Oxmoor shows the way to help deprived areas
REGENERATION of the Oxmoor area of north Huntingdon over the past five years is set to show the way for helping other deprived areas of Huntingdonshire, particularly Ramsey and parts of St Neots. Oxmoor, Ramsey and surrounding villages and Eynesbury have
REGENERATION of the Oxmoor area of north Huntingdon over the past five years is set to show the way for helping other deprived areas of Huntingdonshire, particularly Ramsey and parts of St Neots.
Oxmoor, Ramsey and surrounding villages and Eynesbury have been identified as socially deprived and in need of concerted management by councils, the NHS, the police, other public authorities and social landlords, such as the Luminus Group.
The Oxmoor regeneration project, costing £12million-plus over six years, came to an end in March. The new objective, under a scheme handed down from Whitehall, is to continue the work at Oxmoor and support the other communities.
Although the Oxmoor scheme involved some capital works, particularly some new housing, shops, the Oak Tree health centre and improving public open spaces, its main aim was to help the community to help itself.
"We have to keep the momentum going, and it fits neatly with the Government's agenda for neighbourhood management," County Councillor Victor Lucas, the cabinet member responsible, told The Hunts Post.
"We want to be able to draw down additional funding from Government and our partners."
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There is no global budget, but each of the organisations involved is expected to co-ordinate priority spending on services in the areas.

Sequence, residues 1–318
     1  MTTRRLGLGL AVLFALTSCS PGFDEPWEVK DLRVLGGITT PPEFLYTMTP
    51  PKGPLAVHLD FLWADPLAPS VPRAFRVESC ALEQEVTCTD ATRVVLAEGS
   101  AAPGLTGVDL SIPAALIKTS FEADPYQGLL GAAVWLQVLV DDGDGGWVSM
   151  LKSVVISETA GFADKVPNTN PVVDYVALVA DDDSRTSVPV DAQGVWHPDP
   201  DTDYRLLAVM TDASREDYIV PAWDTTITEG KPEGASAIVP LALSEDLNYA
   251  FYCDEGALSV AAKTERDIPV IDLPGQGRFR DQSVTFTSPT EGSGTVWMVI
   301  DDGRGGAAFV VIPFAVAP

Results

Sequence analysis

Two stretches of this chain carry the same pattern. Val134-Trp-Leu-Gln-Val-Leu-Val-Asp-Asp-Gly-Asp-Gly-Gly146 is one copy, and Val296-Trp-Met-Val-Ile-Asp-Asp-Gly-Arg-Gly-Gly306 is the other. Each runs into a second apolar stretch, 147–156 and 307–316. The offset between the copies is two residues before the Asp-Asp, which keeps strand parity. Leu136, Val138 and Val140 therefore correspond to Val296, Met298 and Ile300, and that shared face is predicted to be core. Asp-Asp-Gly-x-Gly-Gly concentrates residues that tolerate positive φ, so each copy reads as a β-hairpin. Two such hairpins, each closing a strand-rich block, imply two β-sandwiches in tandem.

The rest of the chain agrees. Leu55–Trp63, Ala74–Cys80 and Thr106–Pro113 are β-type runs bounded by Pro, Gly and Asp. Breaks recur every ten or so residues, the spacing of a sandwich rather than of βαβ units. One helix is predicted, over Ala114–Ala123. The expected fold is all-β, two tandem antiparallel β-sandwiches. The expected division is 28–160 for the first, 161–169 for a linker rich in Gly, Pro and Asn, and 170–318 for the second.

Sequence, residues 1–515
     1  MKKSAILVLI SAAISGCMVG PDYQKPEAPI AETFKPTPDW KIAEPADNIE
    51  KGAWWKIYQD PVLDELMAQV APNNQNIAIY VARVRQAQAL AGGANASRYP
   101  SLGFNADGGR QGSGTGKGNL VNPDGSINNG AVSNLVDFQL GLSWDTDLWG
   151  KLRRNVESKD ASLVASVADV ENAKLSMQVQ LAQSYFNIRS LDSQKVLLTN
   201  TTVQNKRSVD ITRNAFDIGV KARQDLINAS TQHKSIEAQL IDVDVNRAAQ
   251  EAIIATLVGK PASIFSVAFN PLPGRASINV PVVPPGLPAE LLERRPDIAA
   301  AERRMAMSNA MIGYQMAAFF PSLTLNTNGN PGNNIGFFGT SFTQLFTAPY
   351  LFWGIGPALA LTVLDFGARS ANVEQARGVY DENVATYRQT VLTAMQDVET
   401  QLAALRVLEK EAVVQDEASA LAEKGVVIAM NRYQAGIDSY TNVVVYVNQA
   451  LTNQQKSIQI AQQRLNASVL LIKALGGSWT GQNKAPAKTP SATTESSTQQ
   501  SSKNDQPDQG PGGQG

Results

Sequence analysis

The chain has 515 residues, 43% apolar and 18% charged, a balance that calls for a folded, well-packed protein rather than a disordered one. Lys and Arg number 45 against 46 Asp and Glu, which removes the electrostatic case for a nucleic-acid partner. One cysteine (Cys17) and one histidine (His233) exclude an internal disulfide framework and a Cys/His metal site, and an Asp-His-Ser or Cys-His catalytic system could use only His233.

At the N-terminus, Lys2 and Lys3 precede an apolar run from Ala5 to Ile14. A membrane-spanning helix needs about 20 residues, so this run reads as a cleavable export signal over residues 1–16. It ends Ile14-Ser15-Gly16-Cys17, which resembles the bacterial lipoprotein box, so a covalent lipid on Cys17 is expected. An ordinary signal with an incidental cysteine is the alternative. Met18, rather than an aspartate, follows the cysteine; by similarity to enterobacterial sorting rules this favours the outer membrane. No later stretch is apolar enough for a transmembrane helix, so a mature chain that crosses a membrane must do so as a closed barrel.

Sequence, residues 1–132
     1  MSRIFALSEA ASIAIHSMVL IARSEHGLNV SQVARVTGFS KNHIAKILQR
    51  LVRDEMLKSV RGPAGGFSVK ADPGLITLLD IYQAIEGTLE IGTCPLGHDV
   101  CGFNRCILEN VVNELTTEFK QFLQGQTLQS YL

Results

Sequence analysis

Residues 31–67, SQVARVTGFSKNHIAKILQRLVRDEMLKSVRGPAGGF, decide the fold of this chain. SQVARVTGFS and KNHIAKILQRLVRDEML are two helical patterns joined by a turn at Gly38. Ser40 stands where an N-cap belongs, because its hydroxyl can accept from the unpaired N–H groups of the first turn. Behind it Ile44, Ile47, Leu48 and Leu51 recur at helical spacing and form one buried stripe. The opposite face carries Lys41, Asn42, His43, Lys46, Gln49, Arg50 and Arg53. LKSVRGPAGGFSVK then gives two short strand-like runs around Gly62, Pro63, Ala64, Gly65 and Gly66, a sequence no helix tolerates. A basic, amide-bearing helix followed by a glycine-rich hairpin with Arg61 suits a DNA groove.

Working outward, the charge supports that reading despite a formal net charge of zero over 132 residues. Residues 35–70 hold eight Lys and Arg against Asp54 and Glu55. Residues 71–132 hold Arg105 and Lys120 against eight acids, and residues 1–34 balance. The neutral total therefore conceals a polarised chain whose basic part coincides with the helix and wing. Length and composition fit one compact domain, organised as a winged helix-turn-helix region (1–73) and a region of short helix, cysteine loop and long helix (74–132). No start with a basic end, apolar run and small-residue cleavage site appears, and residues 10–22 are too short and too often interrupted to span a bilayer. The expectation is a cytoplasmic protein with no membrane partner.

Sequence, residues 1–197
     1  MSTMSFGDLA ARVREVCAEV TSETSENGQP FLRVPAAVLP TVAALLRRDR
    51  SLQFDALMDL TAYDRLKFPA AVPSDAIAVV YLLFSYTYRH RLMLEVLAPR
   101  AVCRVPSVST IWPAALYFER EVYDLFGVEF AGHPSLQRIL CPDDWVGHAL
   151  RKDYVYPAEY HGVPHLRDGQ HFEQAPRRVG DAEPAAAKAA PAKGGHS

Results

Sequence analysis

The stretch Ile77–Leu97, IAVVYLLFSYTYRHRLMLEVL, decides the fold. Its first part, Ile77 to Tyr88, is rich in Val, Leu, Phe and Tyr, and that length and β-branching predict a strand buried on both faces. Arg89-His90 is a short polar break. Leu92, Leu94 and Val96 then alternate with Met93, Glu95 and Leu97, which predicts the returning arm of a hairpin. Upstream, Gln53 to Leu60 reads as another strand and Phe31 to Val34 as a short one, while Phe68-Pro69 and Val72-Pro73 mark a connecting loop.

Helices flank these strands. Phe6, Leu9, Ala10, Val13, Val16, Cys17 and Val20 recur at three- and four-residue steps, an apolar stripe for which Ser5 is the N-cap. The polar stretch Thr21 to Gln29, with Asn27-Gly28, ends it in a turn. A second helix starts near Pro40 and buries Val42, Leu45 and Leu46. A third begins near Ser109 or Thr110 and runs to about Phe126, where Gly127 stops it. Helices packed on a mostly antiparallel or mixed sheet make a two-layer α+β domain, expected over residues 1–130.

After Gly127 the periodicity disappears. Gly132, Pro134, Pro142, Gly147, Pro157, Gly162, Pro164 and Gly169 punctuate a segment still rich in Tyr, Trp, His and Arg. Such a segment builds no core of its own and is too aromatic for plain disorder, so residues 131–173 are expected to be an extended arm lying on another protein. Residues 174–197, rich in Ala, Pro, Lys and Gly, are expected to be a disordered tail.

Particular concerns include housing, health, low-level crime and educational achievement - all regarded as indicators of social deprivation.
The Oxmoor project has been successful in galvanising residents to set up their own groups, often using community facilities, to improve life in the area.
The rate of teenage pregnancies, a key indicator, has been dropping there since young adults started their own maturity-enhancing groups and also got involved in voluntary work. Anti-social behaviour has also declined.
"It's still a deprived area, but what this shows is that, even where there's not much money and not much employment, you can really engage the community. We want to build on that," Cllr Lucas said.
The breakfast club at Thongsley schools was a good example, he said. Not only were children getting a good diet, but parents from the community had become involved in preparing and serving the meals.